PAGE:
Occam's razor is instructive in shaving ad saga

When I wake up – which is most days – if the first thing that I do is shave, it means I’ve woken up in good time to have an organised day.

If I’ve woken up too late to shave, my odds of success that day are significantly lowered.

Thus in my world, the morning shave can be incredibly predictive, even prophetic, of my day’s level of productivity. Not that sleeping in isn’t good too.

It’s hard to believe, but the knitting needle, periodic table and the film Twilight were all conceived during sleep. Actually … it’s not that hard to believe this of Twilight – YAWN!

Still, perhaps my current preoccupation with being woke in time to shave explains one of Albert Einstein’s less famous scientific questions: “Why is it I always get my best ideas while shaving?”

There’s an expression that’s been doing the rounds within youth culture for a few years now that is slowly finding the way into mainstream vernacular.

The expression is “stay woke” or simply “woke” and refers to the importance of thinking for yourself and not just accepting whatever appears in the media, especially regarding social issues.

“Stay awake” was recurring advice in the teachings of Jesus, so it’s not an entirely new concept.

I’ve been musing on the importance of the “woke” concept while reading about the recent Gillette advertisement controversy.

The ad addresses toxic masculinity in the wake of the #MeToo movement. Gillette is clearly trying to move away from its old image in this new advertisement.

The very first scenes are of men looking questioningly at themselves in the mirror, followed by a boy running away from a group of bullies (all boys) as he smashes through a screen projecting an older classic Gillette advertisement.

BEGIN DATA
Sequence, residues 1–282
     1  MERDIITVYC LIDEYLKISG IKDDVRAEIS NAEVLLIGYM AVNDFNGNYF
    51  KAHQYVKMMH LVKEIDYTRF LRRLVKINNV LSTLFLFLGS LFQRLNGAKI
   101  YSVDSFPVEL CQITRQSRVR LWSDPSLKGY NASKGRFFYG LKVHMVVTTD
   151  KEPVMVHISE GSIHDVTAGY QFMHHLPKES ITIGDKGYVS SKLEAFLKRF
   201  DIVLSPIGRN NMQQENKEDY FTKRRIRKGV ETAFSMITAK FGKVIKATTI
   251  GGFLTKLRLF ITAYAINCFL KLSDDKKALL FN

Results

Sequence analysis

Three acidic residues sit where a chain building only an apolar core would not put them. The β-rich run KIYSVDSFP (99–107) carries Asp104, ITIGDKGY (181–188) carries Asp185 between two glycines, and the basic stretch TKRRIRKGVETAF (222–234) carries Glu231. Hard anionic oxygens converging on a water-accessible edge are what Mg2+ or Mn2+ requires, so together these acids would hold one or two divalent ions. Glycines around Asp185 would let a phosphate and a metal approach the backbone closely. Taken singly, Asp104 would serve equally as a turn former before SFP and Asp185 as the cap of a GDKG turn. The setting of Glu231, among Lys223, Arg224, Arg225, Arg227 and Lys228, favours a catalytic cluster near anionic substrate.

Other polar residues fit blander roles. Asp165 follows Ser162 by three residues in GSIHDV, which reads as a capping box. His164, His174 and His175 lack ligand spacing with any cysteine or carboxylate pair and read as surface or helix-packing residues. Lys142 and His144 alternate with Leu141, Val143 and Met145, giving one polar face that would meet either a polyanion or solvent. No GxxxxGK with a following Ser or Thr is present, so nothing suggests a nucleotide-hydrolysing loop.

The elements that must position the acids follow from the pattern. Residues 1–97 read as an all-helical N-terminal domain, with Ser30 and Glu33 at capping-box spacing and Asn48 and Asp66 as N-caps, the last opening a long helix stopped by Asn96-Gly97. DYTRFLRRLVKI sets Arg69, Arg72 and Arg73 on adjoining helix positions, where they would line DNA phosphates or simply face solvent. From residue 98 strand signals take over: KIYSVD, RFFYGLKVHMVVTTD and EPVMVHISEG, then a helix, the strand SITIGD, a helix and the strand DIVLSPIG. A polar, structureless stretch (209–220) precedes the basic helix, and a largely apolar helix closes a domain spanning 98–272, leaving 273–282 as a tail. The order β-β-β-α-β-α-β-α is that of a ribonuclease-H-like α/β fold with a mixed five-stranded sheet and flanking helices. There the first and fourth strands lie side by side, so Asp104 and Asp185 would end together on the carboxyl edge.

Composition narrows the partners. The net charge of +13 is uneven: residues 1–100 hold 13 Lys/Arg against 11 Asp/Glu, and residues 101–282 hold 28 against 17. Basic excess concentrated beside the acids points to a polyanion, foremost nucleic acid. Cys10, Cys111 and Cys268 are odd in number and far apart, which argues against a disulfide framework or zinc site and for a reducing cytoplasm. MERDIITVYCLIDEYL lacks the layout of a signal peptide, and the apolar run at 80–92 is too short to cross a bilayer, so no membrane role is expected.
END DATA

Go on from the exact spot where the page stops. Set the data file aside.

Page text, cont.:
Reminds me of George Michael’s hit Freedom 90 where he destroyed his leather jacket as a sign he disliked his old image.

The advertisement goes on to display seemingly all men laughing at the sexualisation of women and an endless line of men behind barbecues mindlessly repeating “boys will be boys” while watching two boys wrestling.

One of my favourite philosophical principles – and appropriately one of the easiest to explain – is Occam’s razor by William of Occam (1285-1347). Occam’s razor basically teaches that the simplest solution to a problem is usually the correct one.

If there are many explanations for a situation or a problem, the simplest is usually the best. The more assumptions we make, the more unlikely an explanation or solution is.

They say “things are not always as they seem”. Not always, but they usually are.

If you are “woke”, then I hope you can see this advertisement for what it is. It is ultimately an attempt by Gillette to sell its shavers.

Now I would never accuse a company that sold razors of barefaced lies, but the #MeToo movement is very influential unless you haven’t noticed and Gillette clearly has and as the saying goes, “if you can’t beat them, join them”.

Gillette is opposed to bullying. Me too. Gillette is opposed to sexualising women. Me too. And you too if you’re in the majority.

Yet the new advertisement’s formula clearly presents the view that these behaviours represent most, if not all men.

They say “things are not always as they seem”. Not always, but they usually are. If you are “woke”, then I hope you can see this advertisement for what it is. It is ultimately an attempt by Gillette to sell its shavers.

And to those who claim the ad is only against “toxic masculinity” – toxic masculinity is a contradiction in terms. If behaviour is toxic, then it is not masculine. If behaviour is masculine, then it is not toxic.

I think I’m annoyed, too, because I’ve been using Gillette’s Mach 3 razor for years and I believe it is the best razor in the world. But it’s not the only razor in the world.

American entrepreneur Victor Kiam bought Remington after he used one of their shavers one morning and in his own words “I was so impressed, I bought the company.” I’m showing my age here.

I also agree with Sydney journalist Charles Purcell, who this week claimed the ad is a symptom of an advertising industry in crisis – the fragmentation of the audience along economic, racial, social and sexual lines.

I think this advertisement has the potential to make those lines a little deeper.

​Twitter: @ fatherbrendanelee